I'm hoping someone may be able to help me. We're thinking of replacing our existing gas only cooker with a dual fuel one. Before I do this I want to understand what KW the existing cooker circuit is capable of carrying. At the moment the cooker circuit appears to flow only to a double socket on the kitchen wall and has been used occasionally for small appliances.
The question I have is whether there is a way of determining the amp rating for the cooker circuit. The consumer unit clearly shows which one is the cooker circuit but it has no label on the MCB to confirm the amp rating. The only thing I can just about make out is that, just below the 'ON' marking there is a number 30 on the top of the MCB for the cooker, a 15 on the one marked for the immersion heater and a 6 on the one for the ground floor lighting and I'm wondering if these are the amp ratings. I do have a picture of this but I haven't been able to upload it here.
The specification for the cooker we're looking at says that it must be connected "to a suitable double - pole control unit with a minimum rating of 30A"
I understand that a 6mm cable is OK for this, but I'm hoping that we have what we need in place without the need for any new wiring and will only need to add the pole control unit in place of the existing socket.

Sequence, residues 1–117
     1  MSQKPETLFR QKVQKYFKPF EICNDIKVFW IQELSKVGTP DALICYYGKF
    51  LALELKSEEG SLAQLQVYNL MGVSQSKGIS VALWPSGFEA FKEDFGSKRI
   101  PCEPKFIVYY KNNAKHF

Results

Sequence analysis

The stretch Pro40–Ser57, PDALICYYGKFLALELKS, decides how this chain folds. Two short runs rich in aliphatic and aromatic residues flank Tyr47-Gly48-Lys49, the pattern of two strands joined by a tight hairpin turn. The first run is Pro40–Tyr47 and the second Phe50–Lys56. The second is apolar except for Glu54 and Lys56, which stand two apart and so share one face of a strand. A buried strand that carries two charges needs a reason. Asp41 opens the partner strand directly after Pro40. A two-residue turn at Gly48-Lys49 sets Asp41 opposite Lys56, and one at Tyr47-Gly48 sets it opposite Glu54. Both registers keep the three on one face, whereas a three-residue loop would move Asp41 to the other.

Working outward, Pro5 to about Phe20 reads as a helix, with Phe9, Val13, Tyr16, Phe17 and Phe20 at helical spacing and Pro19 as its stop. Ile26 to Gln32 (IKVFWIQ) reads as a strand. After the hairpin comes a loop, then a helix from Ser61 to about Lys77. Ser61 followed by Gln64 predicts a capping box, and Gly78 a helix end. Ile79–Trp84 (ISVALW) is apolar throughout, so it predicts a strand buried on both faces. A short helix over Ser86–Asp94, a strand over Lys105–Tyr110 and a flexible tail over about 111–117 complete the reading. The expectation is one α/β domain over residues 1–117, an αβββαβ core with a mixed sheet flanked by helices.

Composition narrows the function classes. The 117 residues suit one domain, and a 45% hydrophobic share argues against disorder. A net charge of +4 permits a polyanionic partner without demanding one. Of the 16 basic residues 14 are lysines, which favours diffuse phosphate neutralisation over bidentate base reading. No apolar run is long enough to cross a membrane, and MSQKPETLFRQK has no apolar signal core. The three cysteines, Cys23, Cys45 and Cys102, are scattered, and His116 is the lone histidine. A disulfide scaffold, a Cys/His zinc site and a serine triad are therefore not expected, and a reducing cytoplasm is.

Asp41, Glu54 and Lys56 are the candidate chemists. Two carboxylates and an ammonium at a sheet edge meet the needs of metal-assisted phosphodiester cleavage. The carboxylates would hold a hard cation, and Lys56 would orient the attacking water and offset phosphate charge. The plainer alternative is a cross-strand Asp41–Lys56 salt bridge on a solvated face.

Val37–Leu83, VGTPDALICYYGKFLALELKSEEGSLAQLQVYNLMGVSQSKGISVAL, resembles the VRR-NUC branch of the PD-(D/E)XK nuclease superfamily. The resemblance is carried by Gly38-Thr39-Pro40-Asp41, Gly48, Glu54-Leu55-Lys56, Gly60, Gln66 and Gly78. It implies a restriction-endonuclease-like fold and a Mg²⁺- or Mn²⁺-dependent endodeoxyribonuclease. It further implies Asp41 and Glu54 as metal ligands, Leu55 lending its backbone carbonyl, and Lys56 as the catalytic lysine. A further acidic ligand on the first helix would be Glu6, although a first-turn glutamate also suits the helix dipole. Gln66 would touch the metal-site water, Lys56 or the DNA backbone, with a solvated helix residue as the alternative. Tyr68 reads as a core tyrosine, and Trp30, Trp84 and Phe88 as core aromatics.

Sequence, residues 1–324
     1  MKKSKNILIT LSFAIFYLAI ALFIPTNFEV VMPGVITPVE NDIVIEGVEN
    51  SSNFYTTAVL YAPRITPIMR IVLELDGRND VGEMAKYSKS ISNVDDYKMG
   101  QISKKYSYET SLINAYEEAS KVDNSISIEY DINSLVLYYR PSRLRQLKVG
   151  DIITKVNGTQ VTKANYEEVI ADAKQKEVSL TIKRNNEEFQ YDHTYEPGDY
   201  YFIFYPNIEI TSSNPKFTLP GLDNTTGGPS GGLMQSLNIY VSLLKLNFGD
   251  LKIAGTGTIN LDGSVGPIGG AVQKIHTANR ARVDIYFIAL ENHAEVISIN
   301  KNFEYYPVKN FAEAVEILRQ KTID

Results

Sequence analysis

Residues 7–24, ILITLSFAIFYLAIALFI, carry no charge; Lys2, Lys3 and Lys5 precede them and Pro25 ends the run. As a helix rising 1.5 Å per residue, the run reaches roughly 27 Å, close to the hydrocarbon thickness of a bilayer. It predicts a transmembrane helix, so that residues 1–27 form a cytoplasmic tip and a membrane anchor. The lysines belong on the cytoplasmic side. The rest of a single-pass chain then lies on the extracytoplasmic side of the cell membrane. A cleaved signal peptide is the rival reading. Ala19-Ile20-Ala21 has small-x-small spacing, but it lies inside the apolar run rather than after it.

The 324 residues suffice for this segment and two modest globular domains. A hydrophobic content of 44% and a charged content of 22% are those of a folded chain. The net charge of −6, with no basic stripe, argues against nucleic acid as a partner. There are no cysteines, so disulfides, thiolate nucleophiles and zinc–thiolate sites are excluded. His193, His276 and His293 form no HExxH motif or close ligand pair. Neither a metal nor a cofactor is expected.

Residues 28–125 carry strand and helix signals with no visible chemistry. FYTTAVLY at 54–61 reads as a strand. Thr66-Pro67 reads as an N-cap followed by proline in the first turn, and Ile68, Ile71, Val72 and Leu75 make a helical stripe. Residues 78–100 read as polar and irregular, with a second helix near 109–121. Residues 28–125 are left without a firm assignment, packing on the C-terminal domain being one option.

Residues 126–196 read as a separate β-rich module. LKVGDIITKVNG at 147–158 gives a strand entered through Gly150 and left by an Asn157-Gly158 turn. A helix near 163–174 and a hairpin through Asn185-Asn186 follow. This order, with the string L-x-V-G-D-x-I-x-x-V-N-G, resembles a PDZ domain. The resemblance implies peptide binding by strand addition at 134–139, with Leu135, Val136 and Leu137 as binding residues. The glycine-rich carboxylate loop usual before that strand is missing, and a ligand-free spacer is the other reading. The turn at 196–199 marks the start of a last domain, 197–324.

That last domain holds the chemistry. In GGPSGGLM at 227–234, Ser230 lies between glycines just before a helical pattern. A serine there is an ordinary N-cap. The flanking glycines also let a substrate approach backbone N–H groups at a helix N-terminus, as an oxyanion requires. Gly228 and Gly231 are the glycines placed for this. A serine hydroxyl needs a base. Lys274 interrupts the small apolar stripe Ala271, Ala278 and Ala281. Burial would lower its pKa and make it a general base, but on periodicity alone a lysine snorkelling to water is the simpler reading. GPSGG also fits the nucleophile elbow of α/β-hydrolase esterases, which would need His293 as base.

Is there any way of confirming this from the consumer box? or would I need to isolate the circuit at the consumer unit and open up the socket in the kitchen to see what size cable feeds it?
If it's the latter, can anyone advise how I measure the cable to determine its size? I've read somewhere that the measurement should be the "cross section", however I'm not sure what this means. Does this include the outer sleeving on the whole cable, or do I look only at the size of the live, neutral or earth cables inside the outer sleeve? If so, do I only measure the core copper part or the sleeve as well?
Oh dear what a tangled web we weave? In the main the consumer unit/fuse box should with MCB's or fuses stop us drawing over what the cables can take. At least in an ideal world.
So for example connecting a cooker to the 16A immersion heater spur should only result in the MCB/Fuse going open circuit. i.e. it fails safe.
In real terms this is not true and one has to be careful.
In the main cooker needs a 30A fuse or 32A MCB. With a fuse likely just 30 marked with MCB likely something like B32 marked. The B is important as the MCB is in two parts. A thermal part controls the long term amperage. But the magnet part controls the instant max. So a B32 means 5 x 32 for magnetic and 32 for thermal part of trip. C = times 10 and D = times 20.
To measure this a loop impedance meter is required. Which means in the main not a DIY job.
So being blunt although you could DIY likely cheaper to employ a scheme registered electrician. If you are intent on DIY then I will help. But be warned more expensive than getting some one in to do the work.
simple answer to a simple question would be nice......but! CSA is cross sectional area which means measuring the diameter of each strand of the cable with a micrometer, times Pi D/2 times the number of strands!!! OR looking at the cable size and comparing it with a cable coming from a 16A mcb which will look much smaller. EG 6A lighting cable 1.5mm, 16a immersion circuit 2.5mm, 32A power ring circuit 2x 2.5mm's. If not sure still call in a leckie! regards Sparx (rtd).
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